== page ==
If you happen to love Rainbow Six Siege, but kind of wished it had more aliens that were powerbirthed from wall pods, then Ubisoft’s newest cooperative fps could be just the ticket. Rainbow Six Extraction takes parts from the successful Siege formula and applies them to a cooperative shooter where life and death really matter.
Thanks to the foundations established previously by Rainbow Six Siege, Extraction has a seasoned game engine to run on and will be playable on a wide range of PC hardware. That being said, there is always room for improvement when it comes to visual fidelity and performance. We’ve taken the time to go through Rainbow Six Extractions PC graphics settings so you can have a stronger idea of which options provide the biggest visual bang for your buck and which you can turn down to get a higher frame rate.
Rainbow Six Extraction PC graphics settings
Resolution: This setting determines the output resolution that the game sends to your display when using fullscreen mode. It will also determine the rendering resolution of the game should you opt to play in windowed mode.
Display Mode: This option instructs the game to run in a window, a borderless fullscreen window, or in exclusive fullscreen mode.
Refresh Rate: This setting specifies the output refresh rate sent to the display when using exclusive fullscreen mode. It is recommended to leave this set your display’s native refresh rate.
Aspect Ratio: Determines the aspect ratio of the video output. Auto adjusts the ratio based on the chosen resolution. You can also force certain aspect ratios like 4:3, 16:9, 21:9, and more.
VSync: This setting enables or disables the use of in-game vsync to prevent screen tearing.
Field of View: This determines the viewport in which the game is rendered. Higher settings provide more information on-screen at the cost of visual distortion at the edges of the screen at higher levels. Lower settings can improve performance sometimes but can lead to a claustrophobic feeling or even nausea in some players. This setting usually comes down to personal preference and how far you sit from your display.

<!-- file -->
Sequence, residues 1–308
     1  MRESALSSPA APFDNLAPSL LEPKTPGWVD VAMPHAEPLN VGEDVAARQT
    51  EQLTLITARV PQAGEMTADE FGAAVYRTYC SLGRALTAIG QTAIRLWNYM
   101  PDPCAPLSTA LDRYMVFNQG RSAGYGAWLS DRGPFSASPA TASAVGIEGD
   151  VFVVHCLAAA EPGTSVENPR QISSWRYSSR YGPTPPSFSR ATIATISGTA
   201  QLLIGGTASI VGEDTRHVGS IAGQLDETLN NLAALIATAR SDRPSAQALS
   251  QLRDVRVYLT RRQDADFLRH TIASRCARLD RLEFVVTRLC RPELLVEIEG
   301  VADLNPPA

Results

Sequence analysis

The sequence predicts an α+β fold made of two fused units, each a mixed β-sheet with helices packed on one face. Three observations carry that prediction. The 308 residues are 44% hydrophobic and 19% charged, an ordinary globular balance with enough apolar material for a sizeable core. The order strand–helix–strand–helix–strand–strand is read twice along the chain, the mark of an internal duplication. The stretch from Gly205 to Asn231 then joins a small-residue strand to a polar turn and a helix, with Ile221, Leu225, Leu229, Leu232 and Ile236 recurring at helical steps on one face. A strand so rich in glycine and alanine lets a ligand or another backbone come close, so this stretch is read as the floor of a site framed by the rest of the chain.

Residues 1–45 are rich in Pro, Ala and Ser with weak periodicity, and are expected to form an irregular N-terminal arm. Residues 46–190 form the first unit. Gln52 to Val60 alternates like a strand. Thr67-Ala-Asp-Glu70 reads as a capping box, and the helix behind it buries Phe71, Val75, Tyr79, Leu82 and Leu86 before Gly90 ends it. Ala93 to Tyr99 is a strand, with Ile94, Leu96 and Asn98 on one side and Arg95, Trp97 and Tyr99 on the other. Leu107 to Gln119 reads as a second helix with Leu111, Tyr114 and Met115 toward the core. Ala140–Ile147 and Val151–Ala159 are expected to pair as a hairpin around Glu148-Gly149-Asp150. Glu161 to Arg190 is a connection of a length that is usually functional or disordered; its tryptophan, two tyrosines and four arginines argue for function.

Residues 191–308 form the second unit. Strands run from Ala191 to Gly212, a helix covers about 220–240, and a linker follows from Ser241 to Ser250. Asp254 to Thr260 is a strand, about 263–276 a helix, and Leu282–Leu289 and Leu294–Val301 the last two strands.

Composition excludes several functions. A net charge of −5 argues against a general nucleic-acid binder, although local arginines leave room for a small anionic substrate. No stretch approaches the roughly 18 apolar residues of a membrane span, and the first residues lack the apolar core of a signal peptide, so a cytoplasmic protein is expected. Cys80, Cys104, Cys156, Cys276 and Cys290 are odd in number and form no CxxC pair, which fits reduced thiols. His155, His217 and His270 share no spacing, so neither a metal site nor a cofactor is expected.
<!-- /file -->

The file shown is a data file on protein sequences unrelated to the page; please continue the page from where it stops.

Brightness: Governs the in-game brightness.
Widescreen Letterbox: This setting will add black bars to the top and bottom of the frame to mimic an ultrawide or scope-style presentation when using taller aspect ratios.
HDR: This setting toggles HDR output on or off. Users will need to enable HDR from within the Windows 10/11 settings menu before launching Rainbow Six Extraction for this toggle to be active. This requires a compatible GPU and HDR-capable display.
Overall Quality: This option offers presets that will adjust multiple graphical effect settings at once. If you just want to turn some stuff down really fast to gain some more frames, this setting should be your first stop.
Resolution Quality: Users can choose between the fixed or dynamic output of the game’s internal rendering resolution. When opting for dynamic, the game engine will automatically lower the rendering resolution in an attempt to maintain the frame rate specified in the Dynamic Resolution Target Framerate setting below. Dynamic resolution is used by loads of console games to maintain steady performance.
Dynamic Resolution Target Framerate: This setting determines the frame rate that the Dynamic Resolution solution will try to maintain.
Texture Quality: Determines the quality level of textures in the game world where higher settings provide a sharper, more detailed result. We recommend avoiding the Ultra option when paired with high resolutions like 4K unless you have a GPU with 8GB of VRAM or higher. The Rainbow Six Extraction settings menu also has a handy VRAM allocation slider on the left side of the screen to show how much the game will use with the currently selected options.